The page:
• In honor of St. Eulalia and the young age at which she died, 13 geese are kept in the cloister next door. These have a little swimming pool to glide around in. Palm trees and orange trees grow in the 14th-15th century enclosure. Late in January when I visited, there were also five black roosters in a chicken coop, a variety of potted plants, a Christmas crèche and a small fountain that sent water running under a tiny footbridge. Several toddlers were unsteadily making their way over this drawbridge when I visited, and the busy scene put me in mind of a petting zoo. Cloisters are commonly lovely; this one in Barcelona was also intimate, homey, casual and haphazard.

    La Seu presents the human face of the cathedral; the Sagrada Familia the unfinished skeleton of a buoyant rendition of a familiar form.

    Like the architect, the Sagrada Familia is sui generis. But this odd, extraordinary church made me think not only about Gaudi's singular vision but about the cathedral in general, or the Gothic cathedral at any rate. Perhaps it's because seeing an unfinished cathedral makes you realize how much is required to finish it and how peculiar it is that people started it in the first place. There's never any reason for a cathedral, after all, except to build something beautiful in honor of that which is bigger and grander than ourselves. Materialists and rationalists and the aesthetically challenged, the why-not-do-it-in-beige-and-for-as-little-money-as-possible crowd, should be maddened by such lavish expenditure of time, talent, energy and material on a purpose that is spiritual, i.e., frivolous and non-utilitarian, but of course few people can long remain maddened or irritated inside a cathedral.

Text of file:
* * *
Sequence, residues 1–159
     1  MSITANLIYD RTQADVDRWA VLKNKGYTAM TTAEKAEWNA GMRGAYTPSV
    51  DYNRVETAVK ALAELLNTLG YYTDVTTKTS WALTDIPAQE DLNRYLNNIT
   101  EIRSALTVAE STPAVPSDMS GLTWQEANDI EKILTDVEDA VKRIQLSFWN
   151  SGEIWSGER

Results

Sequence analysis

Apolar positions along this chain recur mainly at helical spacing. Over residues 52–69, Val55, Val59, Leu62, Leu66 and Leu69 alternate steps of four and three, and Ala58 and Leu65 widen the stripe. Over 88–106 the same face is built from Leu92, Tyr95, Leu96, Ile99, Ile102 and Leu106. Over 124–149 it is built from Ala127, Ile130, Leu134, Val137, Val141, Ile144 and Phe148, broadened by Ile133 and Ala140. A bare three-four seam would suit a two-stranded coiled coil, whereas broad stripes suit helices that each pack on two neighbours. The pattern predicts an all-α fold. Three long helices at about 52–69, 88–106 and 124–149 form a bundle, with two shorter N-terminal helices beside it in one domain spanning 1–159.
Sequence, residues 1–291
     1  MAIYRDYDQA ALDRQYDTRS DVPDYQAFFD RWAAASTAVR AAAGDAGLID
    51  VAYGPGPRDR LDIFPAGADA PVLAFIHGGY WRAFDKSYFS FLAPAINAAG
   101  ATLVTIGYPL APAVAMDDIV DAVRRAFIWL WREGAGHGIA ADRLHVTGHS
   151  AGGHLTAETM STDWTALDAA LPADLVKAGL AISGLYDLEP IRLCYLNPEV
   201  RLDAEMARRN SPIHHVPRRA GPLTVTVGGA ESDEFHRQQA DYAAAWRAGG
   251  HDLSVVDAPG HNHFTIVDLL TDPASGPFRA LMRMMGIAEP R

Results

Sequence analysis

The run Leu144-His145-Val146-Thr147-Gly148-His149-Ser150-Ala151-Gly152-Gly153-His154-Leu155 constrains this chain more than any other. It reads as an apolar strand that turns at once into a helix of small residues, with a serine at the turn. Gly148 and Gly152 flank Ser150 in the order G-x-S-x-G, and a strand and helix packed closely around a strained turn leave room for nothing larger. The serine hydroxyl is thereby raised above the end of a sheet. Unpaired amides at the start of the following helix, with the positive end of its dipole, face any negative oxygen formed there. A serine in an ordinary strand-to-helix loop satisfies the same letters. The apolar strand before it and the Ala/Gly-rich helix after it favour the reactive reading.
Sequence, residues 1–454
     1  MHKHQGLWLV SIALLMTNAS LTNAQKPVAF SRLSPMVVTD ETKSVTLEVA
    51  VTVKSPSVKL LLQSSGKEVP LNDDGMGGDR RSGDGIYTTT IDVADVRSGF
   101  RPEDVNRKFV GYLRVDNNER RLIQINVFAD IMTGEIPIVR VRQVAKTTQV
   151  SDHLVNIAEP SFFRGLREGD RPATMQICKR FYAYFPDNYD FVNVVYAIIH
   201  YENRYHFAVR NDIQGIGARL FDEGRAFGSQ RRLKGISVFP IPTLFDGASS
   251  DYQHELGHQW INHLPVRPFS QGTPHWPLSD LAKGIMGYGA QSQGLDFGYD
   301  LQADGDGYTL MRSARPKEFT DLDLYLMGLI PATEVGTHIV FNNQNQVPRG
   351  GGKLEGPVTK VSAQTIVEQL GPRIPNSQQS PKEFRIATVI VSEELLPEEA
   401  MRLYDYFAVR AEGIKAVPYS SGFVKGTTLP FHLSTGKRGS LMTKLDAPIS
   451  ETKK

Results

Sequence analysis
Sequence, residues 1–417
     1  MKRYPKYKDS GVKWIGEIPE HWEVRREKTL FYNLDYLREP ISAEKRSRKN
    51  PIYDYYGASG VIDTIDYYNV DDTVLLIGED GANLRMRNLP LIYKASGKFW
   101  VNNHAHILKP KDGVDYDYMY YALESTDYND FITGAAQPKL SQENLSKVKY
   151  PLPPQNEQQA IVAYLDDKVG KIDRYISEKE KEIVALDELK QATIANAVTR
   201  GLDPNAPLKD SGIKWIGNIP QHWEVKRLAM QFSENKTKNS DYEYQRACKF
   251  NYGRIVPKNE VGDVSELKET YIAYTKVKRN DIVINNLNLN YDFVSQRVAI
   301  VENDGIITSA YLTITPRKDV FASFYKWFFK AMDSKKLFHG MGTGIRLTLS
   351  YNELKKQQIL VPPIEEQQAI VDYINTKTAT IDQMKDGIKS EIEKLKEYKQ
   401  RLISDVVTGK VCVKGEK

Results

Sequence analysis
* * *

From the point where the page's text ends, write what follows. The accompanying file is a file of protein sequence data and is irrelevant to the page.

"Something beautifully done -- be it tiny or a cathedral -- makes me feel the truth," wrote John Ruskin.

    Margot Patterson is NCR opinion editor. She can be reached at